This Time for Keeps

The more I watch MGM films, the more I'm drawn to what one might color Technicolor modernism. The set design for its color films in the late 40s tended toward extremely bare surfaces painted in desaturated pastels: grays, pinks, and pale greens. My favorite parts in Cedric Gibbons' design for This Time For Keeps (Richard Thorpe, MGM) are the rendering into this color palette of the high Victorian resort town of Mackinac Island. Ornate wallpaper becomes an abstract pattern – one doubled by the watercolor-y opening and closing credits.

The film itself features a triangular ideology: Dick Johnson is the son of a controling opera star; instead of following in his father's footsteps and plans, he prefers popular singing to opera, "Dick Johnson" to Richard Harrell II, and swimmer-performer Leonora Cambaretti (Esther Williams) to his society-girl betrothed. In other words, the kinds of vernacular modernism we see in New Orleans gets repeated here.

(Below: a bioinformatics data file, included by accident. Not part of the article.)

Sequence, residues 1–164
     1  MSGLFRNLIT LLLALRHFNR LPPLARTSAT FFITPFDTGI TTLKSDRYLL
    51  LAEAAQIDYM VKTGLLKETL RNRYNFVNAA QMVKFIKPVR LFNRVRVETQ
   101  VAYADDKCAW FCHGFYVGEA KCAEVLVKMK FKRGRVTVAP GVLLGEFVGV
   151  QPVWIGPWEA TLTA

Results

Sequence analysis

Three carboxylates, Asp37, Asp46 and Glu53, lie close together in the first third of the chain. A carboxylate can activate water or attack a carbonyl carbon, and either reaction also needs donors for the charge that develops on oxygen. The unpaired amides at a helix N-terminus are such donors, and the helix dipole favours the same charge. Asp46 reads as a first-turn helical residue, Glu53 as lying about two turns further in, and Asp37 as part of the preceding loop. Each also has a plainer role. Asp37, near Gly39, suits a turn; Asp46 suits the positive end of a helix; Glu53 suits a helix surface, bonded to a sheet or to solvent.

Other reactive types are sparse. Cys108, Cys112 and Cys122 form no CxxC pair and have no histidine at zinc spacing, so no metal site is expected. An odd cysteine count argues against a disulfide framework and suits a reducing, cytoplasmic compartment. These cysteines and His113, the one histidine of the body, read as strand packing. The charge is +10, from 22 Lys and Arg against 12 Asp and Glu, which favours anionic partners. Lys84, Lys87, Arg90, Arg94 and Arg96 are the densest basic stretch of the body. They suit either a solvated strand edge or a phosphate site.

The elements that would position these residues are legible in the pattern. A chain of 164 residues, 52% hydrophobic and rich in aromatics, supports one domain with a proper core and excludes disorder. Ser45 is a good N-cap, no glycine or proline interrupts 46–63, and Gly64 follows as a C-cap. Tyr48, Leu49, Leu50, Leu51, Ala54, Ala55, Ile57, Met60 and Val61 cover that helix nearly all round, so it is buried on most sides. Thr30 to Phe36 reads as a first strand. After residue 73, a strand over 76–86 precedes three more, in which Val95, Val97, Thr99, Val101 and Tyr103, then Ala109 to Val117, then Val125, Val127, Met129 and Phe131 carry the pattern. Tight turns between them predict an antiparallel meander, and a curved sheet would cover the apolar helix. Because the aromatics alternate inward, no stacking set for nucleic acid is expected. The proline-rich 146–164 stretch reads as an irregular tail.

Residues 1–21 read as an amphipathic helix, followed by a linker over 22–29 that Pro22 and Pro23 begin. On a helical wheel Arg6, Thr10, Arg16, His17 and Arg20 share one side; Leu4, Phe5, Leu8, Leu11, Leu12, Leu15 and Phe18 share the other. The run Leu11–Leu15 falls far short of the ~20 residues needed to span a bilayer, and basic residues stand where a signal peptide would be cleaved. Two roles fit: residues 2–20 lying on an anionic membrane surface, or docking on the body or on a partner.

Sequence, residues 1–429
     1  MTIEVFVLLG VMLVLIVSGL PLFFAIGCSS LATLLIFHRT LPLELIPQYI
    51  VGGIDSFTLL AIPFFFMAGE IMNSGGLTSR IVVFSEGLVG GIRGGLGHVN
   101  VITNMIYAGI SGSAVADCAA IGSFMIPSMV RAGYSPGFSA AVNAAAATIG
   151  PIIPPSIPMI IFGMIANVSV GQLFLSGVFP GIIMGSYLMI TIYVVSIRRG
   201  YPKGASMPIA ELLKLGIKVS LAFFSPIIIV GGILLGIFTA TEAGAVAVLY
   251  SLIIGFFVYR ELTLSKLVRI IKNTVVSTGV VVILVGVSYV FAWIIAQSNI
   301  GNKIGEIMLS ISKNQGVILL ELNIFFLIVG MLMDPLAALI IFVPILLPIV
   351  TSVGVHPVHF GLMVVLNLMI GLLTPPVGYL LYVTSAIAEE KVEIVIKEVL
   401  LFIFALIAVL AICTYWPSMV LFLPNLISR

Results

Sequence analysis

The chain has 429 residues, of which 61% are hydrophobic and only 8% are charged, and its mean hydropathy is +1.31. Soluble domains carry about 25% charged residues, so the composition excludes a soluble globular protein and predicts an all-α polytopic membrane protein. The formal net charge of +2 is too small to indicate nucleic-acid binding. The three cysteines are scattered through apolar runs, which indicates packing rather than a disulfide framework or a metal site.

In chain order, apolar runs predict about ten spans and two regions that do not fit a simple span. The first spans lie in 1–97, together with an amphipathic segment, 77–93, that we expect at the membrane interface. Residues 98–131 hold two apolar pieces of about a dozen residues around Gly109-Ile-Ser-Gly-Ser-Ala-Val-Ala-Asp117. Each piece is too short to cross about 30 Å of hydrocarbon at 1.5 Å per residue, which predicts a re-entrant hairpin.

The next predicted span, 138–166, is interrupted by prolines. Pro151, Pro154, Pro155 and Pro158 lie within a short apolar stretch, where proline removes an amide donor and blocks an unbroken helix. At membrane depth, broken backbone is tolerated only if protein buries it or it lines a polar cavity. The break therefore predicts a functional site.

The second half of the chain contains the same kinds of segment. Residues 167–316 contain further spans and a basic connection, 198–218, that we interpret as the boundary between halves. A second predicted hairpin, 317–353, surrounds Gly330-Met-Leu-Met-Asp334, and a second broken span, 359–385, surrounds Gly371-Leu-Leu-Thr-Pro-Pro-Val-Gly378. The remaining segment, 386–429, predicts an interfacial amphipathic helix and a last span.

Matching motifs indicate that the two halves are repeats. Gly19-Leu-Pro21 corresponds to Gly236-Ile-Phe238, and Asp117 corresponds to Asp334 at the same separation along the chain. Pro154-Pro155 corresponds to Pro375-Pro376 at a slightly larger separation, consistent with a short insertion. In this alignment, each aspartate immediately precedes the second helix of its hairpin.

The supporting characters, however, do not fit neatly into the manichaean struggles common to such treatment: Jimmy Durante's friend of the family who looks out for the performer while harboring a secret crush (as in Bachelor and the Bobby Soxer, the intergenerational material is oddly both dealt with aot dealt with); Leonora's neice, who overcathects to the couple's union; and Mr. Gordon, a self-proclaimed "doormat" sugar daddy. What's unusual – yet typical – is the absence of traditional nuclear family, yet presence of substitutes, all in a narrative ideologically arguing for the nuclear family and break from tradition as much as Marty would ten years later.

The "old country" stands in for a lot here, but so, too, does the turn-of-the-century. I'm fascinated by the way "Americana" in MGM's world has a specific referent: the moment when industrial ascendancy coincided with small-town life. Mackinac Island represents the idealized smalltown milieu, but it's also the sort of resort that could only come into being with train travel and mass tourism. Getting at that contradiction seems to get at the heart of the MGM ideology.

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